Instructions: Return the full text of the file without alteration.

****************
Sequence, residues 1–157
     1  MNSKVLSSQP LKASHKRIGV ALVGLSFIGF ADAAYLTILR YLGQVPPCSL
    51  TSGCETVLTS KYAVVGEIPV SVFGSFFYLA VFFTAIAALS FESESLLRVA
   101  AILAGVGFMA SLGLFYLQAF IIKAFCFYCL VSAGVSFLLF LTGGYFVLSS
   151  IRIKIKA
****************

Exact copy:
Sequence, residues 1–157
     1  MNSKVLSSQP LKASHKRIGV ALVGLSFIGF ADAAYLTILR YLGQVPPCSL
    51  TSGCETVLTS KYAVVGEIPV SVFGSFFYLA VFFTAIAALS FESESLLRVA
   101  AILAGVGFMA SLGLFYLQAF IIKAFCFYCL VSAGVSFLLF LTGGYFVLSS
   151  IRIKIKA